4. Of course the elites of wealth and power don’t want people to think critically about unnecessary consumption or about the self-justificatory lie that underlies the way the capitalist society justifies its vast disparity of wealth and power in this society by teaching that “you create your own reality” because we we live in a meritocracy and hence that if you were smarter or worked harder you’d have the money to buy the many things that the capitalist marketplace offers. In Revolutionary Love I present a much fuller picture of how this self-blaming underlies much of the pain people experience all year round, and more intensely from Thanksgiving through the secular New Year.
  5. The groups that I ran for holiday stress were immensely successful in helping people understand why they sometimes feel down during this season, or feel that they are failing their families, friends and loved ones by not buying more and more expensive presents for them.
  6. So here is what you can do:
  7. Talk about these issues to your friends and send this e-mail to everyone you know and encourage them to do the same and speak about these issues to their friends and put this message on all their (and your) social media.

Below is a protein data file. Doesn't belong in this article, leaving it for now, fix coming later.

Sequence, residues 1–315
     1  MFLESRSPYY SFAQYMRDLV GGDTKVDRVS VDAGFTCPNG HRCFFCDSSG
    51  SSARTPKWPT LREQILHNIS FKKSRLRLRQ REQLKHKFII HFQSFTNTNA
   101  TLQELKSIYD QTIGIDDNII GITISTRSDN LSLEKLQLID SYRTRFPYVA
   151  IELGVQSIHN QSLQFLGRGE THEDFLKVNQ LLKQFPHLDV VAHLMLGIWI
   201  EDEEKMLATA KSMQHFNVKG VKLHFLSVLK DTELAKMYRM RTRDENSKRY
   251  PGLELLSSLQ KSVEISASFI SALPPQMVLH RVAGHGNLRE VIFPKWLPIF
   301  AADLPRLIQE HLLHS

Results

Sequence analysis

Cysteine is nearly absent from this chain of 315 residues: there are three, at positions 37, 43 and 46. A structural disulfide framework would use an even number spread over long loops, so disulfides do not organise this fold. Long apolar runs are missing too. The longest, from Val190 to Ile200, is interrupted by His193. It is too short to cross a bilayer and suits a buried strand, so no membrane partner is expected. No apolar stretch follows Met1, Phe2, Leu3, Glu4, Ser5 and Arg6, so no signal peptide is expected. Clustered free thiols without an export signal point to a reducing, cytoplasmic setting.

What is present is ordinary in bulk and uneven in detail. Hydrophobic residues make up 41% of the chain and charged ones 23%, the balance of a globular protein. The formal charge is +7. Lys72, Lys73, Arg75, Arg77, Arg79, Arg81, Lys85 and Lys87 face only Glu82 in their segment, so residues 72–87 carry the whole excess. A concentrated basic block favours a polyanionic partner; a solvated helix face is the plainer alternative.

8. Talk to children about making the holidays a time to give love, but not necessarily THINGS to show love.
  9. Offer gifts of your time to others that really would help their lives.

In short, giving is a wonderful thing to do, but separate it from spending money as much as possible. And attend to the feelings of those who don’t have families or friendship circles thick enough to give them a feeling that there are others in their lives who really care about them (and yes, you could invite some of these to your home for a meal or a holiday party even if they are not yet already part of your circle of friends—stretch yourself to open to others and bring them into your life).

One caution: don’t read this as putting down anyone who spends money for a gift for others—in trying to shift the culture, I don’t mean to be putting anyone down who has bought into its money-orientation, but only to invite some important steps toward what I call in Revolutionary Love “A New Bottom Line” of love, kindness, generosity, caring for each other and caring for the earth, responding all others as manifestations of the sacred and responding to our universe with awe, wonder and radical amazement.

All of this is one small part of building a world of love and generosity, the goal of Tikkun, our interfaith and secular-humanist and atheist-welcoming Network of Spiritual Progressives and our Movement for Love and Justice (

Many blessings to you as you navigate thru the joys and the challenges of this coming holiday season.

Rabbi Michael Lerner

Rabbi Michael Lerner is editor of Tikkun, chairman of the Network of Spiritual Progressives, and rabbi of Beyt Tikkun Synagogue-Without-Walls in Berkeley, Calif. He is the author 11 books, including two national bestsellers—The Left Hand of God and Jewish Renewal: A Path to Healing and Transformation. His most recent book is Revolutionary Love, published in October 2019 from University of California Press. He  may be contacted at